Students will be assessed through two mechanisms. The first is a formative piece of assessment where groups of students will be required to prepare a presentation which describes, evaluates and makes recommendations for improvement for the housing policies of a country of their choice. The presentation will be given to the lecturer and the class, who will then provide feedback. This should inform the group report which constitutes the summative assessment for this module. Both the presentation and the group report will require students to demonstrate they have met all five learning outcomes of the module.

Group Report (100%)

The opportunity for reassessment in this module

Students are permitted to be reassessed should they fail the module. A student failing the module would be required to produce a 4,000 word individual report, rather than re-write their element of the group report. The reassessment will usually take place during the summer.




Assessment Breakdown

Type % Qualifying Mark Title Duration(hrs) Period Week
Written Assessment 100 N/A
Group Report
N/A 1 N/A

Syllabus content

The module will begin with an introduction to the different roles played by housing; as a shelter, a place of belonging, and a commodity. After the introductory lecture, the module is split into two sections; the first explores a series of key topics and the second embeds these topics in a selection of country case studies.

 Section One

The first section of the module will begin by examining different forms of housing; from publicly funded social housing and illegal slum housing, to privately developed and owned properties. Having developed a good grasp of the significantly different uses and forms of housing across the globe, we will then consider the relationship between housing and globalisation; why is it that irresponsible lending in the US might result in the expansion of urban slums in Africa?  The module then focuses on those households who fall out of the housing market and face housing poverty and homelessness. 

Section Two

The second section of the module will explore housing policies and practices in a diverse range of countries and regions, including; Europe, the US, China, Africa and Latin America. In the final session we will draw comparisons between different housing policies in order to identify lessons for future improvement. All sessions are mandatory.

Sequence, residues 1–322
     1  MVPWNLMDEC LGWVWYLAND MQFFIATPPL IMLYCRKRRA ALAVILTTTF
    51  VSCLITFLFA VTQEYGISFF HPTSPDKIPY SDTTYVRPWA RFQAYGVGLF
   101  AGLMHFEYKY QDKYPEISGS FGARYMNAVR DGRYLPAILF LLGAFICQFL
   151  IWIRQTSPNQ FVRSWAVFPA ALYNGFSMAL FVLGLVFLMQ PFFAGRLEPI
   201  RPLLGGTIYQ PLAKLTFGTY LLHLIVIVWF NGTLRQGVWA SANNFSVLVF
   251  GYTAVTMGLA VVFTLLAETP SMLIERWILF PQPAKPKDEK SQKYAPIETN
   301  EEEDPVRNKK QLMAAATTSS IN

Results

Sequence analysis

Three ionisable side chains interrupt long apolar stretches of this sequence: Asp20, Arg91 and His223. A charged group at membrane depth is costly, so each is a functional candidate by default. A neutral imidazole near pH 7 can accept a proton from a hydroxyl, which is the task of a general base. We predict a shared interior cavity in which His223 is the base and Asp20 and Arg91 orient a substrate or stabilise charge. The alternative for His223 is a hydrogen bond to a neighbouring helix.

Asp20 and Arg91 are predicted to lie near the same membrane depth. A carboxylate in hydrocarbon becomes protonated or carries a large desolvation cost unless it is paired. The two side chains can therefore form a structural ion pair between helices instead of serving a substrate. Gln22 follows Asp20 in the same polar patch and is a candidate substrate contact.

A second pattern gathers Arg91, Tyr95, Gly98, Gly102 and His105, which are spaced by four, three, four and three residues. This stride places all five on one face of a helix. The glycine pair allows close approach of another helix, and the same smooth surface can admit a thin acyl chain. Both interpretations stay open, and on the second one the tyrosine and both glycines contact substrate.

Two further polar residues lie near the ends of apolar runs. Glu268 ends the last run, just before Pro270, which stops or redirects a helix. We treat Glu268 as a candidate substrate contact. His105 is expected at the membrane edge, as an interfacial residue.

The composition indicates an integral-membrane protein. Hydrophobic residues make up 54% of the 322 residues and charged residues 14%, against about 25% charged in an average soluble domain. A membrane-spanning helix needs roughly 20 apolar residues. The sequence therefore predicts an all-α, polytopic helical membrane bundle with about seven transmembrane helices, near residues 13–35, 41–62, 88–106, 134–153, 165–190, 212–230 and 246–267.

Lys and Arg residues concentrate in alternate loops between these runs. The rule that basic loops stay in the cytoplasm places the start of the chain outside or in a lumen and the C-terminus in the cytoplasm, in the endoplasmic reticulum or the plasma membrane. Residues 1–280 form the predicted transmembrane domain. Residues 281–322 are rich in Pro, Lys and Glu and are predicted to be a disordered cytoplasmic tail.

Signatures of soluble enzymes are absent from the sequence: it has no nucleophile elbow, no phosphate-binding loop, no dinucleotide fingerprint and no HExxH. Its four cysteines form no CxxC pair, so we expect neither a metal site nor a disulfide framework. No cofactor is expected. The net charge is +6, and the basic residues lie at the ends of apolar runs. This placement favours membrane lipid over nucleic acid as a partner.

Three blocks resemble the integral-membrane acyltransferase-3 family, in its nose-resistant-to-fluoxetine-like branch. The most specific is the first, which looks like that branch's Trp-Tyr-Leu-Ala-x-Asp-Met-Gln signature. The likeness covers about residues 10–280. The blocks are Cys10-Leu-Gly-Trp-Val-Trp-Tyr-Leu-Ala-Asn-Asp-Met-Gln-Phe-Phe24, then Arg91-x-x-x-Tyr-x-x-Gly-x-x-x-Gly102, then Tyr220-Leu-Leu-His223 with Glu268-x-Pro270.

Essential Reading and Resource List

Clapham, D. (2002) ‘Housing pathways: a postmodern analytical framework’, Housing, Theory and Society, vol 19, no 2, pp 57-68.

Drakakis-Smith, D. (2010) Urbanisation, housing and the development process, London: Taylor and Francis

Jenkins, P., Smith, H. And Ping-Wang, Y. (2007) Planning and Housing in the rapidly urbanising world, London: Routledge.

Kenna, P. (2012) Contemporary housing issues in a globalized world, Farnham: Ashgate.

Background Reading and Resource List

Journals are a key part of the academic literature. It is in journals that current research is published and many contemporary debates are played out. You should include journal articles in your reading. As well as targeting them for specific topics or articles, it is worth regularly looking at the latest volumes in order to get a sense of what is going on in the discipline. Many of these can be accessed on-line via the Cardiff University Library service. Key Housing and Development journals that you have access to as a member of Cardiff University include: 

 Housing Studies

 Habitat International

 International Journal of Housing Policy

 Housing Policy Debate

 Housing Theory and Society